Min-Max : Jeff's 2011 Turner 5 Spot
I love the look of the high end alloy manufacturing. The complex CNC work Turner did around the rear triangle and pivots is almost Victorian steampunk." - Jeff
When I think of Turner bikes the first rig that always pops into my head is my friend Mark's 2005ish Horst-Link equipped rig. With raw aluminum tubes and a PUSH linkage upgrade, it's delicious. Sadly, Mark's Turner is instantly disqualified as a min-max rig due to its straight 1-1/8" steerer tube, even if he somehow sourced a sweet Fox 36 FIT RC2, EC34/EC34 -1° Angleset, and a 27.2mm dropper post and really modernized the look of the rig with a 1x drivetrain. For the record, that's not a dig on the aesthetics of Jeff's 2011 here, he's tried it both ways and the double chainring setup looks a lot cleaner.
Turner Bikes has been out of the full suspension game for couple years now, and Jeff's DW-Link 5 Spot relies on bushings for the linkages, so I was skeptical about this entry. But it's a great looking frame in my favourite Turner colour, and Jeff pointed out that Turner still stocks bushing kits for the 2009+ frames. If you contact them they should be able to lead you to pivot hardware as well. If you do have one of these rigs I'd recommend picking up a spare bushing kit (although they are off-the-rack IGUS bushings, so it's possible to order them from an industrial supplier as well).
Whether due to smaller batch numbers, higher tolerances, or weather conditions where they were most popular, Turner never suffered the complaints about bushings that dogged so many other applications. I'd still recommend regularly checking the pivot hardware for wear - if crap does get in the bushings the aluminum will get eaten faster than the IGUS material.
Min-Max submissions vary greatly from a few words and photos to deep dives into parts choices and anecdotes about special bits. There's quite a lot of DIY going on here, which I'll get to, plus the fact that Jeff's running a mini-mullet setup (27.5/26).Jeff sent me quite detailed thoughts on his bike, and I think he sums it up perfectly with this: "I love the look of the high end alloy manufacturing. The complex CNC work Turner did around the rear triangle and pivots is almost Victorian steampunk."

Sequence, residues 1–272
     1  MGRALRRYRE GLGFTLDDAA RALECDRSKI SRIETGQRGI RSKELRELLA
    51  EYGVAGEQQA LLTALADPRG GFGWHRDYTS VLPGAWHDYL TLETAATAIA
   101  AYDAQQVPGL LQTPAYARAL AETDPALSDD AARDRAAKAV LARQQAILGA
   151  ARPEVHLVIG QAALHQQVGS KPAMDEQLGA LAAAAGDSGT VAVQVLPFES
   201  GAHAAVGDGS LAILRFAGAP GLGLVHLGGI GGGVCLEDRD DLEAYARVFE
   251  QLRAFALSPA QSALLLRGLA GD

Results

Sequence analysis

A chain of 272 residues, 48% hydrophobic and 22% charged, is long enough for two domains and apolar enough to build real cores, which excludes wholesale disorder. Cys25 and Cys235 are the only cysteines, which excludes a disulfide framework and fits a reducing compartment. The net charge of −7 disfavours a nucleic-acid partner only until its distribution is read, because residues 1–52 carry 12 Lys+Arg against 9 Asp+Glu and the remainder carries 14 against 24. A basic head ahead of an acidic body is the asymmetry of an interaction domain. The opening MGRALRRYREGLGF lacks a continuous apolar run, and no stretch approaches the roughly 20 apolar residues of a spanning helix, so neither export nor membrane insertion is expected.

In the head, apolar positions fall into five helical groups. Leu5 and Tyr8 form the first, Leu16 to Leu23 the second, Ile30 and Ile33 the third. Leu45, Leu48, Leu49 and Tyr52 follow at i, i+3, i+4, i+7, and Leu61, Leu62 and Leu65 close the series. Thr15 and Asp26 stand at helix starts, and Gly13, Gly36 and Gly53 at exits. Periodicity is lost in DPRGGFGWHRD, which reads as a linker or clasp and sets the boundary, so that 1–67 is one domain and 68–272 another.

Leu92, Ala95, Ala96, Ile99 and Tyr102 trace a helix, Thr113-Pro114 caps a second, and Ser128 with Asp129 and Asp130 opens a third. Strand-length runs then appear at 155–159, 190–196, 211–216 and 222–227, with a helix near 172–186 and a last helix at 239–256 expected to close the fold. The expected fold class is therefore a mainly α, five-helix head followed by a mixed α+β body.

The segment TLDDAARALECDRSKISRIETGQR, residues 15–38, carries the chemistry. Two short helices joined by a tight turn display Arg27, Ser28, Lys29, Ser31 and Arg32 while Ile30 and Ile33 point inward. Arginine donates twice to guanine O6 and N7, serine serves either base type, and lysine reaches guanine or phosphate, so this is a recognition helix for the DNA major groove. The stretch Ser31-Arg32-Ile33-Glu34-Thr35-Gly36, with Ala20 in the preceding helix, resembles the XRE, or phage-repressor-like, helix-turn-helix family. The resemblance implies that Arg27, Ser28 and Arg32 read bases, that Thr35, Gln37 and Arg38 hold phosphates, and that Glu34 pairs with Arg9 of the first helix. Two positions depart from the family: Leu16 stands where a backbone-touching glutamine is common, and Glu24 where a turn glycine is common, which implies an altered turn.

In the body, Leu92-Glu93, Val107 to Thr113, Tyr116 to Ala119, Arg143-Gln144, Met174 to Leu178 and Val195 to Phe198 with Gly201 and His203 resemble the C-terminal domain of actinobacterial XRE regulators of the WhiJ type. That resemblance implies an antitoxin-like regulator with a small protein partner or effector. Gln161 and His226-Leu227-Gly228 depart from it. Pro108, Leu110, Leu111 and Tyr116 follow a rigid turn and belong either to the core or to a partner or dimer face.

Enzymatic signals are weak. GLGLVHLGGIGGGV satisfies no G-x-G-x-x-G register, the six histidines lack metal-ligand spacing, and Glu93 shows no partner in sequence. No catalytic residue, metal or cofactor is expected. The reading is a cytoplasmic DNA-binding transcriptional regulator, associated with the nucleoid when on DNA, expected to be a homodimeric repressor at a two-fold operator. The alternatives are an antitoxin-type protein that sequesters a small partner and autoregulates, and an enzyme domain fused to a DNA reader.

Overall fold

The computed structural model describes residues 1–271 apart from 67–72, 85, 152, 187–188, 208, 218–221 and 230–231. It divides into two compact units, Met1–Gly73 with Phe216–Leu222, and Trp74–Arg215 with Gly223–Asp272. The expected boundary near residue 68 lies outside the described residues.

Jeff's thoughts on the fit of this bike could probably sum up most min-max projects we've seen to date, especially if riders have already upsized their frames and added an angleset:
"The geometry is a mixed bag. Head angle was pretty slack for its era, and is easily in the Trail category even now, which is how I use the bike. Seat tube angle is old school 72 degrees with the longer fork and 27.5 wheel, but I like that. It makes the bike more comfortable than the modern steep tubes on the rough-but-rolling terrain I tour on, and the hip to foot angle mimics my gravel and road bikes, making the transition between them easier. The frame is a large, but it is decidedly a medium by modern fit standards, and I do sometimes wish the reach were a bit longer. But if I ride it a bit more old school from further behind the saddle on descents, it works out ok."
This 5 Spot started its new life as a frame only deal. Jeff bought it used for $300, "‘cause ya know 26 is dead", and I've been rolling that around in my head a bunch. I mean, in the insanely hot used bicycle market of the last couple years that sounds like a solid deal even with the geometry being a bit dated. At the same time the frame is over ten years old. Yes, it's easy to buy a new shock that fits and yes, it takes a tapered steerer fork so there are a plethora of 650b options. But keeping this frame going out on the trail, doing what it was born to do, almost seems like a community service.